Every good fisherman has a story. I don’t claim to be a fisherman, let alone a good one, but here’s my story.
I was on a short trip with my brothers and some friends a few years ago to celebrate my 40th birthday. As part of the weekend, I booked a fishing expedition for Goliath Grouper. Having the qualifying experience of reeling in catfish with a hot dog on the end of a $15 reel I bought from Walmart, why not go out into the ocean to reel in a fish that could weigh 500 lbs. or more? What could possibly go wrong?
We met our guide early in the morning and discussed the game plan for the day: where we would go, the weather and waves, how the fish were traveling, etc. Before boarding the boat, the guide cast a net off the dock to catch some mullet, a kind of 2- to 3-lb. baitfish.
When we arrived at the fishing spot, the guide sat me on a beer cooler resting on the boat’s bow. The next words out of his mouth were: “One of three things is about to happen: you’re either going to be pulled off this boat by this fish, slice your leg open with the reel and let go (which would cost me $1,000 to replace), or land the biggest fish of your life.” My brothers and I laughed, thinking he was kidding.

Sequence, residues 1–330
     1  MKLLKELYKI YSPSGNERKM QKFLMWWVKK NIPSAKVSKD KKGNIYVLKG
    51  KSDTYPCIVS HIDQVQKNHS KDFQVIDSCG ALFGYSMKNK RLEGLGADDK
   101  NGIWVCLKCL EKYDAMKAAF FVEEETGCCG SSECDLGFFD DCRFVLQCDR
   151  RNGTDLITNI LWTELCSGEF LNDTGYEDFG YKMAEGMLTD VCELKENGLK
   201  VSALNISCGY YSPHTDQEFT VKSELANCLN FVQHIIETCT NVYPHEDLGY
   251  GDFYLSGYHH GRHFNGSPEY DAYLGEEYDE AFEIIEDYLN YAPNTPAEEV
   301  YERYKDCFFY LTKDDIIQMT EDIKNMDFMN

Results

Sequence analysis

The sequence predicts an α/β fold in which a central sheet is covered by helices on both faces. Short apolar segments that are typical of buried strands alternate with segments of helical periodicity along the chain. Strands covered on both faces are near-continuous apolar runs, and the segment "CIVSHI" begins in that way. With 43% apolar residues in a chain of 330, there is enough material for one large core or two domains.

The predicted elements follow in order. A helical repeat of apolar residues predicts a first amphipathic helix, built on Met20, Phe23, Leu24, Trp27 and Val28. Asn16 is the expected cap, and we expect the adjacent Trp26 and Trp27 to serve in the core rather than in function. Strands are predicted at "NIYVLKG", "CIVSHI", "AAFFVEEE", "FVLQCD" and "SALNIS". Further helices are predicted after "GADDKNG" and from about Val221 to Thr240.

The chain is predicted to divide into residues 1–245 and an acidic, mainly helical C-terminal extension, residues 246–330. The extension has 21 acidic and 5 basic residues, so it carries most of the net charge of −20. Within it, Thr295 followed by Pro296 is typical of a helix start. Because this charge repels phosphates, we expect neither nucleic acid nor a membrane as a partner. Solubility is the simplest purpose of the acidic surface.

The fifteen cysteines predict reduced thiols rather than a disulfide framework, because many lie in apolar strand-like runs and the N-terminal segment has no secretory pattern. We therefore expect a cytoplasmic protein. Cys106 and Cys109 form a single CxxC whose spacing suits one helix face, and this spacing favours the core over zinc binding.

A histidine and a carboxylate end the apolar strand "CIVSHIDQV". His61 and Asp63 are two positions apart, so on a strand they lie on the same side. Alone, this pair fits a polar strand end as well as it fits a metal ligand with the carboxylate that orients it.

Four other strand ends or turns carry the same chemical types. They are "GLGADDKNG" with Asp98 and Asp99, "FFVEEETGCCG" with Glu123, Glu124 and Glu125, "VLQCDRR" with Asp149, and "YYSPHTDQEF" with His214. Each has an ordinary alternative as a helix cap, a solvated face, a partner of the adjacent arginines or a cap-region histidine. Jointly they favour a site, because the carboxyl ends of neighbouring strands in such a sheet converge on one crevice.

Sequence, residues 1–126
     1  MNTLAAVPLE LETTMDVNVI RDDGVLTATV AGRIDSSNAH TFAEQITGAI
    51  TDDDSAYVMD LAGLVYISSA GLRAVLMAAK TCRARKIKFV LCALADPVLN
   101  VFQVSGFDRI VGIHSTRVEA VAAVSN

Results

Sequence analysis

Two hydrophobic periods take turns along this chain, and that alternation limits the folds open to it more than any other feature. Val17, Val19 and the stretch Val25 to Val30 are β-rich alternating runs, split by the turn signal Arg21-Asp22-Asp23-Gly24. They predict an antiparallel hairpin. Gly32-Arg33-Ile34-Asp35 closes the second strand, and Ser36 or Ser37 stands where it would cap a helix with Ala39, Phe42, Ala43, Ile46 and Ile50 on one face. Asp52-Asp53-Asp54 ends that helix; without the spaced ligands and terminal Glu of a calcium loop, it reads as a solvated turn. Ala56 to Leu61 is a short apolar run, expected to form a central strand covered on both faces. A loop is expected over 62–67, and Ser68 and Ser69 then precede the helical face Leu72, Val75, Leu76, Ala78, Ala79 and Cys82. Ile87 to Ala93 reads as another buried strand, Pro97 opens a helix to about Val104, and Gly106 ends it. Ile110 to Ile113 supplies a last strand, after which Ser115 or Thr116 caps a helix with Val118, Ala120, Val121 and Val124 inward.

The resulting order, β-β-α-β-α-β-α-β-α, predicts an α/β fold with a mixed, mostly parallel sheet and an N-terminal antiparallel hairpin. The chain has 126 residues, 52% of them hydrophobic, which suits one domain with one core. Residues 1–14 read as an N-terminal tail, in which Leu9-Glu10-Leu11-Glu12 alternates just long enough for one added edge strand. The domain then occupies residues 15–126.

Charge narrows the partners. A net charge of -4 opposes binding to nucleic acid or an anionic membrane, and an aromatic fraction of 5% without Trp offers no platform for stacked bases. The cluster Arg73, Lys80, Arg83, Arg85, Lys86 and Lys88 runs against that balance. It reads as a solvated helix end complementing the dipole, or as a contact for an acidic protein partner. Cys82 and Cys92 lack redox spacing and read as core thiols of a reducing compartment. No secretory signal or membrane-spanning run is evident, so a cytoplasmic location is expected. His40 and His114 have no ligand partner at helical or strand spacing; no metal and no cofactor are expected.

Next was a raucous struggle not to be pulled overboard by an unseen force that apparently loves mullet. My friend held me by the belt as I strove to neither let go nor be pulled overboard. Then the line snapped.
Later that day, an even longer battle ensued at another spot, and though I got the fish (which the guide said he thought weighed more than 250 lbs.) close to the surface, he won the day. The line snapped, and I slumped back, feeling like I had just gone 10 rounds in the ring.
I think about that fish a lot. Part of me wants to head back out there, put on another mullet, and wait for the whiz of the reel, signaling that the game is on again.
This long fish story has a simple point: evangelization demands casting both wide and deep. Jesus says that the kingdom of heaven is like a net thrown into the sea that gathers all kinds of fish (Matthew 13:47). He also tells His disciples to cast into the deep (Luke 5:4-11).
This means we need to have events and spaces at our parishes that “cast wide.” The good news is that we already do — CYC sports, schools, fish fries, men’s and women’s clubs, etc., cast a wide net. But are we utilizing these moments to “cast deep” into intentional relationships and discipleship with others? Are we willing to engage in the struggle of winning a soul over to Jesus? And if the line snaps, are we ready to cast deep again?
As a man, I think about that fish a lot. But as a Christian, I’m haunted by the ones that have gotten away, either because of my reluctance or unwillingness to cast wide and deep for the kingdom.
Let’s encourage one another to stop treating our parishes like aquariums and go fishing.